Opinion: Rodriguez Puts Another Cloud Over Arizona

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Copyright 2018 The Arizona Daily Star. All Rights Reserved.

Arizona Daily Star (Tucson)


The University of Arizona fired head football coach Rich Rodriguez by email on Tuesday night.

The UA then announced publicly that while an investigation into allegations of sexual harassment against Rodriguez "could not be substantiated based on the evidence and witnesses available," the athletic department "did become aware of information, both before and during the investigation, which caused it to be concerned with the direction and climate of the football program."

And so, combined with Rodriguez's poor record on the field, he was let go. His contract was terminated without cause — which is not the same as being fired without a reason. Those reasons, however, didn't meet the criteria in his contract that would allow the UA to fire him without having to pay him out.

Rodriguez walks away with $6.28 million.

When the UA learned of the harassment allegations in October, it hired an outside law firm to investigate. The former employee declined to take part in that inquiry.

She has filed a notice of claim, which is a precursor to a lawsuit against a state agency or employee, for sexual harassment and hostile workplace environment against Rodriguez for $7.5 million.

Rodriguez has denied the allegations of harassment. He has acknowledged he had an extramarital affair with a woman not affiliated with the UA.

What does it take to get fired for cause? The list in Rodriguez's contract is the same, with minor exceptions, as that in the contract of UA President Robert Robbins.

Rodriguez's contract lists the following as grounds for termination with cause:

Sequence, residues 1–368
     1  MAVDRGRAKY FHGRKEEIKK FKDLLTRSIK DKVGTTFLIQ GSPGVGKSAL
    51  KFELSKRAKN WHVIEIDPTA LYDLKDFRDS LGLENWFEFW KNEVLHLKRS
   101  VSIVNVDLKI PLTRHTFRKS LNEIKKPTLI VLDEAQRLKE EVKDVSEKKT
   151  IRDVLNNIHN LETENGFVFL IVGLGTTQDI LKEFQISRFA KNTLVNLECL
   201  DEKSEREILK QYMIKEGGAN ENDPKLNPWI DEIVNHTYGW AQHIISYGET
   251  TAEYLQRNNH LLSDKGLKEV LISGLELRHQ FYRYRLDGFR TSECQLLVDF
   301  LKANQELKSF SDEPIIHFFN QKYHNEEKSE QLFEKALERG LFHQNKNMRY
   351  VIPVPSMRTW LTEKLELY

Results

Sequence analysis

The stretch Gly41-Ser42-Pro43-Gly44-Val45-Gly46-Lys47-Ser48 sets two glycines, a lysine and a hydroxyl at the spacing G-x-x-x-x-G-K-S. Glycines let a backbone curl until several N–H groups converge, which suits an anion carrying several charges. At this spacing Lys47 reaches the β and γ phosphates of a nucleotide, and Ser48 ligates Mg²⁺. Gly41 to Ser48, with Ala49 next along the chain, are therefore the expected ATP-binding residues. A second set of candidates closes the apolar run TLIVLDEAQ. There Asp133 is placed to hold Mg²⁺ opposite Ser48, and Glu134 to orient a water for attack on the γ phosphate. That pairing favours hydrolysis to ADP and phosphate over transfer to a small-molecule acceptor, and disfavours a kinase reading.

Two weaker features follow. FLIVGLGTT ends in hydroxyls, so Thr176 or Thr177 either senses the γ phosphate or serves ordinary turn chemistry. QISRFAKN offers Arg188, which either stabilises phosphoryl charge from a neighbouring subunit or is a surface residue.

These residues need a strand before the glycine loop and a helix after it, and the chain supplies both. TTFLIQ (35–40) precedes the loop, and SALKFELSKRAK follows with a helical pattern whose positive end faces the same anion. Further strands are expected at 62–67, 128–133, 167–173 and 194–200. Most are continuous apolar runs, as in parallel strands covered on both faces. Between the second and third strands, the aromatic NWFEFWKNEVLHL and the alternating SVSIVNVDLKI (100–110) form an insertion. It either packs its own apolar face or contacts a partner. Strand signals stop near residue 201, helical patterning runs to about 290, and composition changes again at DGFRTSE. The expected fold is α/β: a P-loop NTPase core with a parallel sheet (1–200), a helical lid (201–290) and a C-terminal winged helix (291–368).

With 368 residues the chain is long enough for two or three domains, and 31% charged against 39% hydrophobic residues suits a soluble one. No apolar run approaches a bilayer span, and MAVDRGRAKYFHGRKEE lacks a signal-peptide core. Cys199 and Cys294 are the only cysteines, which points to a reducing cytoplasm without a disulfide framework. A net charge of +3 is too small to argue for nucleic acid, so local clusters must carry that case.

1) Demonstrated dishonesty;

2) Substantial neglect of properly assigned duties, giving due to consideration to the nature and duration of the incapacity;

3) Personal conduct that substantially impairs coach's fulfillment of assigned duties and responsibilities;

4) Substantial physical or mental incapacity to perform assigned duties, giving due consideration to the nature and duration of the incapacity;

5) Conviction of a criminal act that constitutes a felony, a misdemeanor involving moral turpitude, or that otherwise reflects adversely on Coach's fitness to serve as head coach;

6) A material or repetitive violations of

a. Applicable athletic department, board or university policies;

b. Conflict of interest laws or policies related thereto;

c. NCAA or conference regulations; or

d. Any provision of this amendment

Star reporter Michael Lev reported this week that athletic director Dave Heeke had decided to fire Rodriguez no matter the outcome of the harassment investigation because of the coach's "on-field performance; poor attendance at Arizona Stadium; Rodriguez's off-field behavior, including in postgame news conferences; and the necessity of the internal investigation."

Heeke held off, Lev reported, until the investigation's end in case they could fire Rodriguez with cause - and save that $6.28 million.

This episode is the latest in a string of significant and disturbing problems within the UA's athletics program. A former student-athlete who has accused former assistant track and field coach Craig Carter of assaulting and stalking her after a sexual relationship is suing the UA in Pima County Superior Court. Carter, who was fired by the UA, is facing criminal charges.

The UA has also been sued in federal court by one of three victims of former running back Orlando Bradford. She says the UA knew Bradford was dangerous and did not protect her. He was sentenced to five years in prison after pleading guilty to two felony counts of aggravated assault.

All this raises the question of culture at the UA, specifically within Arizona athletics. The UA explained in a sit-down meeting with the Star last month that it has a raft of ways to educate athletes, coaches and staff workers about preventing sexual assault, harassment, discrimination and violence.

Rodriguez was known to be belligerent and bullying, including in public and off the field. Reports this week reveal what an open secret his bullying behavior was, which raises the question of how was this kind of conduct, and the atmosphere it creates, allowed to go on for so long?

While it is true that no amount of training and no institution can prevent its members from committing bad acts, the UA has a responsibility to look beyond the wins and losses when hiring coaches and others. Character counts.


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January 7, 2018


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